Effects of fuel and ambient gas temperature on the spray and combustion characteristics of soybean biodiesel were studied in a constant-volume combustion chamber. Four different fuels or fuel blends including B0, B20, B50 and B100 were investigated experimentally. The soot mass data were obtained via a new technique called forward illumination light extinction (FILE). The ambient gas temperature was varied from 700 K to 1200 K. To simulate the engine operating conditions, the ambient oxygen concentration and its density were kept at 21 % and 15 kg/m3, respectively.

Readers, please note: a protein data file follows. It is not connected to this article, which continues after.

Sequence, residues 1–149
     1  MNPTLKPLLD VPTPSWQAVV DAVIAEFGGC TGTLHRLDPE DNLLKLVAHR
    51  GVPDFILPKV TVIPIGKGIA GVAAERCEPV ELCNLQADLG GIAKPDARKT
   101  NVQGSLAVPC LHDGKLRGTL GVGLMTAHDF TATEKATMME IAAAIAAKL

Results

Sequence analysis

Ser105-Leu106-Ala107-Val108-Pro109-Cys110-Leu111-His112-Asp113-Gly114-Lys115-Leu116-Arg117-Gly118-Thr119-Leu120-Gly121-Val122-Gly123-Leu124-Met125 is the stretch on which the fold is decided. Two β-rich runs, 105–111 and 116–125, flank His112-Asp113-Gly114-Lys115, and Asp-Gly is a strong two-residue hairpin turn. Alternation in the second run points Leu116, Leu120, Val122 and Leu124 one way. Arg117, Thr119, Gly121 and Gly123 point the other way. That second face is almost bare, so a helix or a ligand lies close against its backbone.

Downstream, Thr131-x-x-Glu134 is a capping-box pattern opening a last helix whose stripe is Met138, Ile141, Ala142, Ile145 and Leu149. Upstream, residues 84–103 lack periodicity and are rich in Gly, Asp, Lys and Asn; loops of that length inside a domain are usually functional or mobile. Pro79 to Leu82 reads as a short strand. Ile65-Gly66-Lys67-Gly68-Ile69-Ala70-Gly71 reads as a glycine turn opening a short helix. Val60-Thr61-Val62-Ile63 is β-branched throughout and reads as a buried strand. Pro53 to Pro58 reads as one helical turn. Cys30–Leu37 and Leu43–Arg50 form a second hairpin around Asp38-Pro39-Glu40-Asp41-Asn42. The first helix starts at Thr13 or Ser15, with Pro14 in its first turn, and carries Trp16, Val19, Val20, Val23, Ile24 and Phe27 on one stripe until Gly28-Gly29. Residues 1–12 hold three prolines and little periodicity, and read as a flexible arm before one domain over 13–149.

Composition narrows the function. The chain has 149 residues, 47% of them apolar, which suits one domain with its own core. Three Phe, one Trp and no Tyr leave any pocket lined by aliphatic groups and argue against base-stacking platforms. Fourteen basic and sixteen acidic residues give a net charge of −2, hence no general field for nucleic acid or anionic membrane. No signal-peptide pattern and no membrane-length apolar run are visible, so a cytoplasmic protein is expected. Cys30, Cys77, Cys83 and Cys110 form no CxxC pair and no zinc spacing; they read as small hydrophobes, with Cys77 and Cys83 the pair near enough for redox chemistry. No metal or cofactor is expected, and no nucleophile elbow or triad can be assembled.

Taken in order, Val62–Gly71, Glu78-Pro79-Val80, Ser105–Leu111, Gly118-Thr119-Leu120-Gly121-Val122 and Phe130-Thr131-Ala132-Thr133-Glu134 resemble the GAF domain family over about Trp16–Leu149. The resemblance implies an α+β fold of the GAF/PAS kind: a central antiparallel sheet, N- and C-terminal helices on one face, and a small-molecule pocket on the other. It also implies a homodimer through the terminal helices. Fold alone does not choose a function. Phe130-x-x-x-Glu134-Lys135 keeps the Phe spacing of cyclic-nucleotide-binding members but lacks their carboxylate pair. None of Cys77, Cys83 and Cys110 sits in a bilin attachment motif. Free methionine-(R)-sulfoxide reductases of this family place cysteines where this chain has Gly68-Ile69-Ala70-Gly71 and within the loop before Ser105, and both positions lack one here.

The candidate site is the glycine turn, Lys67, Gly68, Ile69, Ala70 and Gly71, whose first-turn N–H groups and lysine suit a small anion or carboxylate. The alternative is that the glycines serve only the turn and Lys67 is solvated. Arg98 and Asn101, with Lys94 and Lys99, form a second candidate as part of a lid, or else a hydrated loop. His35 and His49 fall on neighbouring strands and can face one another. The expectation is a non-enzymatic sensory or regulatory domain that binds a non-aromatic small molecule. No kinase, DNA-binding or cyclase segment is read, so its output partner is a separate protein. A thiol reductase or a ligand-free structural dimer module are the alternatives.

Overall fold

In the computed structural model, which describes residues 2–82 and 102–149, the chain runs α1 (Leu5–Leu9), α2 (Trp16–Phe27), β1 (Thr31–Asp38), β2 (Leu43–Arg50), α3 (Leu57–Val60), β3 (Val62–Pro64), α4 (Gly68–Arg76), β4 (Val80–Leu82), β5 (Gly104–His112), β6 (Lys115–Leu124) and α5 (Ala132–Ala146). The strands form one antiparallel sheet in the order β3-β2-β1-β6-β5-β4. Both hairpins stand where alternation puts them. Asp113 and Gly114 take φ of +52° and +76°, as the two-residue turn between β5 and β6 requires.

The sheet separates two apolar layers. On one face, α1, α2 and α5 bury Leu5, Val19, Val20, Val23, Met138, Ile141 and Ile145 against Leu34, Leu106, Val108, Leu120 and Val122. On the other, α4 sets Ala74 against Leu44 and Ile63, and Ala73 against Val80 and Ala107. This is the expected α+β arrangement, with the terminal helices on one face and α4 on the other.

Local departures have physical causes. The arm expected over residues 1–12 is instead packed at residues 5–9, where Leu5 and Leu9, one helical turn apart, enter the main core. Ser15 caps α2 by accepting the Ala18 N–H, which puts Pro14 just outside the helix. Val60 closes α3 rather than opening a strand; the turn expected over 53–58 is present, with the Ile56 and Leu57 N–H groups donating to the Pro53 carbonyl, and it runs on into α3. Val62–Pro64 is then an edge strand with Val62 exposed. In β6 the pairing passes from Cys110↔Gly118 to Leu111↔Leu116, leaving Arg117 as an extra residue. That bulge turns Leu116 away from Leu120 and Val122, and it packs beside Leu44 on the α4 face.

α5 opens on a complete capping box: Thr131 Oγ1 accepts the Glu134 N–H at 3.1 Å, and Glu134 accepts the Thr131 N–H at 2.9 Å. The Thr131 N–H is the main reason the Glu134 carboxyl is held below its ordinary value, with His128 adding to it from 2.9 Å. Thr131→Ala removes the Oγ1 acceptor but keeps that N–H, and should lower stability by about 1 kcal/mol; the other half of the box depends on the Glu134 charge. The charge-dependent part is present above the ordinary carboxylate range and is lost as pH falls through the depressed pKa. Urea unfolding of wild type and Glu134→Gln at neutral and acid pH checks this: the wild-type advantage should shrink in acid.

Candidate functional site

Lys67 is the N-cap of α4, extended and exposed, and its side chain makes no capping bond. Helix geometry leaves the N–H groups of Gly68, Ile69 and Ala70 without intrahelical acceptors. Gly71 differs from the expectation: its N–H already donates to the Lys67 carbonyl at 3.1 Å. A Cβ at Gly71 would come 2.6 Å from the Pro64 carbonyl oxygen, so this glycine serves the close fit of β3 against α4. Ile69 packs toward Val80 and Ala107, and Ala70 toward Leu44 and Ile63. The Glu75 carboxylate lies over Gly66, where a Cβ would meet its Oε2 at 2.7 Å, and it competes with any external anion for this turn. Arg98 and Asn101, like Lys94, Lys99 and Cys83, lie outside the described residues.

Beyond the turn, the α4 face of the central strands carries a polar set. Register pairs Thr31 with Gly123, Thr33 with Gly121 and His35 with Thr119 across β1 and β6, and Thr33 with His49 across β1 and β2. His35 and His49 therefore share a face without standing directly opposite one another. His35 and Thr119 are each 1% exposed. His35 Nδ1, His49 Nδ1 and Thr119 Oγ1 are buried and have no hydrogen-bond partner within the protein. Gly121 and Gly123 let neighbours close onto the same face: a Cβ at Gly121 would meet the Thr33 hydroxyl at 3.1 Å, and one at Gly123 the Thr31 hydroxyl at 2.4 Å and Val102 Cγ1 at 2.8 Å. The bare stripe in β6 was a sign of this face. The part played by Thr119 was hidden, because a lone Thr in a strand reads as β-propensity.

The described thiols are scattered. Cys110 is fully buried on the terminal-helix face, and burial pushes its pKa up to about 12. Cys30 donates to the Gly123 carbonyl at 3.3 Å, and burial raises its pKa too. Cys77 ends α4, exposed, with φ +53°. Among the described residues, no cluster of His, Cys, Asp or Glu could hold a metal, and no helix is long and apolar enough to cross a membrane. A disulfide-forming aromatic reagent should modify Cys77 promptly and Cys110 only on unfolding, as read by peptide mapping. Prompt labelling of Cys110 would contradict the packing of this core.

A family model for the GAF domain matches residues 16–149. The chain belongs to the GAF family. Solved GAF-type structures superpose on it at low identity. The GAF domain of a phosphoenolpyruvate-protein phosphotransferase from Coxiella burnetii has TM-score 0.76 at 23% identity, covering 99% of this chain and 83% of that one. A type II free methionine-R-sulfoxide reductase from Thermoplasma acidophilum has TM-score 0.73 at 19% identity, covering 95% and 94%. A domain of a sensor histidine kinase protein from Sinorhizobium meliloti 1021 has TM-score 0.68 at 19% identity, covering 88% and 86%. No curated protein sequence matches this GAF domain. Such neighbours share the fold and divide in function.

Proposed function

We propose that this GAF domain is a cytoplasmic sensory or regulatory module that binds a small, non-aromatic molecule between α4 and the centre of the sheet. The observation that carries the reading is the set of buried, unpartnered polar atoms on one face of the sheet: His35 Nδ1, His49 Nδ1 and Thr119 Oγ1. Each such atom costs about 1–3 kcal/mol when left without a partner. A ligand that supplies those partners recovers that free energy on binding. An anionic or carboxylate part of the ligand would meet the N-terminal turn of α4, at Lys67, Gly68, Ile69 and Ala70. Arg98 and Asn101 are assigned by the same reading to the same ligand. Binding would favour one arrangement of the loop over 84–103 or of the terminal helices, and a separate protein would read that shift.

A higher peak pressure is found as the biodiesel content decreases. B20, B50 and B100 have a shorter ignition delay than B0 and the ignition delay decreases with increasing biodiesel content. The liquid penetration decreases with decreasing biodiesel content. Moreover, the integrated natural flame luminosity (INFL) increases with decreasing biodiesel content. Shorter flame (i.e., soot luminosity) duration and a longer delay between start of combustion (SOC) and the appearance of flame are found as the biodiesel content increases. The flame duration also increases with increasing ambient gas temperature for all fuels. Soot is lower and appears later at a lower ambient gas temperature, while it is burned out at around the same time. Near-zero soot mass was observed for all tested fuels at 700 K. A shorter soot formation process is observed for biodiesel fuels. The soot reduction using B20 and B50 is not obvious compared to B0 at a low temperature. But under the ordinary diesel engine operating condition at 1000 K, the soot reduction is significant. It is also found that the soot can be reduced by 60% and above when B100 is used in this study.